I finally found some time to do a couple new Farmer’s Wife blocks this week. (I’m behind but who’s keeping track?) I managed to get 2 done this week.
Here’s #86, Priscilla:
And #75, Nan:
So my total count is now 16 blocks out of 99 or however many it takes to make a queen sized quilt. I’m making these with my sewing machine and mostly using the templates from the book.
I got to thinking that while I’m working on these (ever so slowly), maybe I should pull out my other 1930’s project and do one block each time I make one of the Farmer’s Wife blocks.
I’ve been working on these Glorified 9 patch blocks for around four years now. The 9 patch part isn’t hard but all the curved piecing is tedious. So I made this block right after making my two Farmer’s Wife blocks. We’ll see if I can make any progress this way. I just really want to finish up some of my unfinished projects and move on to other things.
I’m back after a week with my husband riding our bicycles on the Katy Trail across Missouri. I had a lot of time to think while biking the 225 mile trail and I think there’s a Katy Trail quilt in my future! It’s such a beautiful trail and it really shows off the beauty of my home state. It passes through farm fields and follows along the path of the Missouri River as it winds it’s way across the state. Most of the trail has a nice covering of trees so it feels like you’re biking down a shady lane.
So that’s what I’m working on in my head but in the meantime, I’m back at work on these Farmer’s Wife blocks. I’m hoping to do around 5 a week so I did the math and it should take me about 5 months to finish enough for a queen-size quilt. Here’s what I’ve done so far:
I just keep pulling more fabrics out of my stash so I’m jumping around in the book to use fabrics that I have. It’s good to mix up some easier blocks with the harder ones. These blocks are actually a great summer project because each one goes together so quickly. I spend a lot of time during these warm months on yard work or just doing fun things outside but I can manage an hour making a block here or there. I’ll keep you posted on my progress!
My new 1930’s Farmer’s Wife quilt book recently came in the mail! It was almost exactly 4 years ago when I started the original Farmer’s Wife quilt and enough time has passed that I’m ready to do another. This quilt is based on letters from a column in The Farmer’s Wife magazine called “Letters From Our Farm Women” that were published from 1930-1939. Those were some tough times and the letters describe the lives of these women beautifully. The author & quilt designer, Laurie Aaron Hird, made these blocks in 1930’s type fabrics. I don’t know if she had actual feed sacks or if she used reproduction fabric. I’m going to try to make my blocks with similar fabrics.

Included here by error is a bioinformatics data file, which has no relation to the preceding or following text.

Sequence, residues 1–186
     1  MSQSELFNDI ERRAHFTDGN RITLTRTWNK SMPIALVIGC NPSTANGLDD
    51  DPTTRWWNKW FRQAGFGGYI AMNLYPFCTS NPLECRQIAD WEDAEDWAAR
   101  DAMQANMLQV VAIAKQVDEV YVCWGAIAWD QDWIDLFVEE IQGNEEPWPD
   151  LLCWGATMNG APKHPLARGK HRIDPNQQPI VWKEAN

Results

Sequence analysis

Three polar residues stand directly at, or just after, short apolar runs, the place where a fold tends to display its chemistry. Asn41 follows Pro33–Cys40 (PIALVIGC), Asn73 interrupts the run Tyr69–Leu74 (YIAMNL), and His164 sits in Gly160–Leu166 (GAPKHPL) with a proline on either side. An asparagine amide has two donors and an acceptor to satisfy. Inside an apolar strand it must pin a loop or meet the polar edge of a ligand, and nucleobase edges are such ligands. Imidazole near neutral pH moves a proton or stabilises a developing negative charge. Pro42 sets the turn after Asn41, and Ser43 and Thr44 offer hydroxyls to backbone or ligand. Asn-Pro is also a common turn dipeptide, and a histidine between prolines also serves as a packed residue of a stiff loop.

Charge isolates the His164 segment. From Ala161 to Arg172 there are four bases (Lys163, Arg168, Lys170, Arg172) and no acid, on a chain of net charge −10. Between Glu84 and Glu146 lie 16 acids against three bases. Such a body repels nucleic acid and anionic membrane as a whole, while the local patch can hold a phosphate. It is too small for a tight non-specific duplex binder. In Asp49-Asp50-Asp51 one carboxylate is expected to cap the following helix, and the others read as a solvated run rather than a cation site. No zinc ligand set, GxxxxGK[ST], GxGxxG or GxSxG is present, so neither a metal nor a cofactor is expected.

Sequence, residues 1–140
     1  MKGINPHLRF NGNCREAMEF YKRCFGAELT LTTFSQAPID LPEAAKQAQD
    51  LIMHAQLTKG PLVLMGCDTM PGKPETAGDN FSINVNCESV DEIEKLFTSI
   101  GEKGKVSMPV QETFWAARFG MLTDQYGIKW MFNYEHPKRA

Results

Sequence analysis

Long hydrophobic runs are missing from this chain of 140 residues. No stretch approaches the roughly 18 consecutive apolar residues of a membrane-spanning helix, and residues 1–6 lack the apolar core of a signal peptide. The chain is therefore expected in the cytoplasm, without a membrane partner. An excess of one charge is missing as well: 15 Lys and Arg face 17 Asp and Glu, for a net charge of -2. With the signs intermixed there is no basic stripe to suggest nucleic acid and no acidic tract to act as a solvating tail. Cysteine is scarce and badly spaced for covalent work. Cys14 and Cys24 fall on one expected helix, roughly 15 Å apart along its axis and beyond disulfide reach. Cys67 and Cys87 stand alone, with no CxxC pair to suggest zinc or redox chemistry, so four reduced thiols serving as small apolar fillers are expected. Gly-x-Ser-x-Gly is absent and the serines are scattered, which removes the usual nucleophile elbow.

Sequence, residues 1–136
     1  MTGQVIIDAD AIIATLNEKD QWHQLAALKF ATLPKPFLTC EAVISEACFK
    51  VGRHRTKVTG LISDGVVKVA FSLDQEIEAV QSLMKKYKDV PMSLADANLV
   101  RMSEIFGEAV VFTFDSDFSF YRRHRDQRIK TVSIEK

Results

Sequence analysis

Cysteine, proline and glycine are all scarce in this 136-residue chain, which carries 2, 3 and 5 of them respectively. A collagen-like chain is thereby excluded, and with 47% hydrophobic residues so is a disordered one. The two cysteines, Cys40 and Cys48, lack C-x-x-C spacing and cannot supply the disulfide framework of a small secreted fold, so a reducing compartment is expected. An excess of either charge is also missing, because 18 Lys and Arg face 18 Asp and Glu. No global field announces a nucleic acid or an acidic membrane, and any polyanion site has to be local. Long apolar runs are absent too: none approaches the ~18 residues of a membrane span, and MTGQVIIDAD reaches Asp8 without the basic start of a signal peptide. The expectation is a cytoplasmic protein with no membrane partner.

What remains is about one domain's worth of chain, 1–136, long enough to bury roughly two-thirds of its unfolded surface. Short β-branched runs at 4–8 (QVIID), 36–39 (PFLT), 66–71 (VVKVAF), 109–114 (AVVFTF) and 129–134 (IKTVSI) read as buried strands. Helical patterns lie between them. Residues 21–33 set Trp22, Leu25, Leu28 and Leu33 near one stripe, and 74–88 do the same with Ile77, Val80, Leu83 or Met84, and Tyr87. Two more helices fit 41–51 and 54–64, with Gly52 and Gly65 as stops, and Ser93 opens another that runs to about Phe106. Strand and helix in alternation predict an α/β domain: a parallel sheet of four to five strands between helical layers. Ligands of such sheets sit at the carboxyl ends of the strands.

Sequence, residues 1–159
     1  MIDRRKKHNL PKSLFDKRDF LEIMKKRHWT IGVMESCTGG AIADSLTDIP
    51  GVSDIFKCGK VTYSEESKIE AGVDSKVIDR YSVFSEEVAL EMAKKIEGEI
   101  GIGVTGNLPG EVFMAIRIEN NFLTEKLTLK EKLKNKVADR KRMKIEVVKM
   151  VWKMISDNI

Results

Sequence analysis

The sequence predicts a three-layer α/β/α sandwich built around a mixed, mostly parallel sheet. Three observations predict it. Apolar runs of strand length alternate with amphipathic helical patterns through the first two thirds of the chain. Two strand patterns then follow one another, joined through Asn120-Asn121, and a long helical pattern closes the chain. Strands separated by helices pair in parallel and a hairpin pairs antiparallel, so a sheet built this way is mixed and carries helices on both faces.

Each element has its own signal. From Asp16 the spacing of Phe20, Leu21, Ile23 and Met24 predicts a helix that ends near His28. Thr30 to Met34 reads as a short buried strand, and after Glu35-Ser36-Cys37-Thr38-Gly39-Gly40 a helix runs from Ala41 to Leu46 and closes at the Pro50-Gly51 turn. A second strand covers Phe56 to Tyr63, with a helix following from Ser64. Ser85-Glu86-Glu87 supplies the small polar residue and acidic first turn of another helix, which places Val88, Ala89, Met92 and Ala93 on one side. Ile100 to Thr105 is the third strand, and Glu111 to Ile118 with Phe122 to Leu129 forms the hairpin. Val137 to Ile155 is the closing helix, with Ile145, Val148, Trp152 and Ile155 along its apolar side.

There are 99 blocks in this book and if you make them all, you’ll have a king size quilt. 94 blocks are needed for the queen size and 84 for the twin-size. The quilt is designed with the blocks set on point with white fabric used for the setting fabric. The design in the book has you take four blocks (or more or less depending on the quilt size)and cut them in half to use at the top and bottom. I don’t like the idea of cutting the blocks in half but I’m not sure how I would make this quilt if I didn’t do that. There’s plenty of time to figure that out I guess.
The good news about this book is that the publishers have included better cutting directions. The CD-ROM included with the book now has paper piecing directions, 3 pages of rotary cutting directions for some of the blocks and templates that are now broken up so that all the templates for one block are included in one page. The first book had one template on each page which was a terrible waste of paper.
I decided to go the template route since that’s how I did my last Farmer’s Wife quilt. I had a method going and it worked out pretty well.
First I printed out the templates and cut them out:
Then I actually cut those pieces out of fabric using a small ruler and a small rotary cutter. A swivel cutting board would also be great for this.
So far, I’ve made three blocks:
These blocks measure 6 inches finished and of course, all the blocks in the book are different. That’s the addictive part. They’re all so pretty and you think, oh I’ll make this one, and then maybe I’ll make this one too, etc… I dragged all my 1930’s looking fabric out but I didn’t have as much as I thought. I found last time that a layer cake worked great because you need a big variety of fabrics but only a small amount of each. And if they’re the same fabric line, they’ll go together well. I’ll be on the hunt for a 30’s layer cake now.
I hope you’ll make this quilt with me or at least follow along on my journey as I make my Farmer’s Wife 1930’s Sampler quilt.